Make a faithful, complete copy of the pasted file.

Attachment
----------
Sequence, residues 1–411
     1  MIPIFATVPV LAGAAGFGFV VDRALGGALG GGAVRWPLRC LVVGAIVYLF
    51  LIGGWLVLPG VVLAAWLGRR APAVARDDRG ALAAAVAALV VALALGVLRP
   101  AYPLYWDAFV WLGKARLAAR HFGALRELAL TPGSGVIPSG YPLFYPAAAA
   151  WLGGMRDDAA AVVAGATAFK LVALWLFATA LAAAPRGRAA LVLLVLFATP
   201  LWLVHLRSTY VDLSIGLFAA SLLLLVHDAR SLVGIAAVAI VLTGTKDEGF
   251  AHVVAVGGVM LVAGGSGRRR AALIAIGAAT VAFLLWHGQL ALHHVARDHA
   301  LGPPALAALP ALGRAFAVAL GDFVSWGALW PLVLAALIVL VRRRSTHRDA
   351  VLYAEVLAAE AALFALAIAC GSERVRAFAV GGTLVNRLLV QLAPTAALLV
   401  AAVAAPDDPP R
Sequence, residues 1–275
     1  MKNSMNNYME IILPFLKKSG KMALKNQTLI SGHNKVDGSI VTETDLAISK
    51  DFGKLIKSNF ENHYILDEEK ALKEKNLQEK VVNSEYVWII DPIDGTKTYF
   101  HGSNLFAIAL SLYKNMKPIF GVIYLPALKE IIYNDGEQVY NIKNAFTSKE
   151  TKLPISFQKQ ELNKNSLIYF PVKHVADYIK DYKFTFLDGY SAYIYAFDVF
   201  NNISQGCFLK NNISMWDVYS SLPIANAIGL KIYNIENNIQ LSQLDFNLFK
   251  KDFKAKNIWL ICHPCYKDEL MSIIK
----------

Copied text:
Sequence, residues 1–411
     1  MIPIFATVPV LAGAAGFGFV VDRALGGALG GGAVRWPLRC LVVGAIVYLF
    51  LIGGWLVLPG VVLAAWLGRR APAVARDDRG ALAAAVAALV VALALGVLRP
   101  AYPLYWDAFV WLGKARLAAR HFGALRELAL TPGSGVIPSG YPLFYPAAAA
   151  WLGGMRDDAA AVVAGATAFK LVALWLFATA LAAAPRGRAA LVLLVLFATP
   201  LWLVHLRSTY VDLSIGLFAA SLLLLVHDAR SLVGIAAVAI VLTGTKDEGF
   251  AHVVAVGGVM LVAGGSGRRR AALIAIGAAT VAFLLWHGQL ALHHVARDHA
   301  LGPPALAALP ALGRAFAVAL GDFVSWGALW PLVLAALIVL VRRRSTHRDA
   351  VLYAEVLAAE AALFALAIAC GSERVRAFAV GGTLVNRLLV QLAPTAALLV
   401  AAVAAPDDPP R
Sequence, residues 1–275
     1  MKNSMNNYME IILPFLKKSG KMALKNQTLI SGHNKVDGSI VTETDLAISK
    51  DFGKLIKSNF ENHYILDEEK ALKEKNLQEK VVNSEYVWII DPIDGTKTYF
   101  HGSNLFAIAL SLYKNMKPIF GVIYLPALKE IIYNDGEQVY NIKNAFTSKE
   151  TKLPISFQKQ ELNKNSLIYF PVKHVADYIK DYKFTFLDGY SAYIYAFDVF
   201  NNISQGCFLK NNISMWDVYS SLPIANAIGL KIYNIENNIQ LSQLDFNLFK
   251  KDFKAKNIWL ICHPCYKDEL MSIIK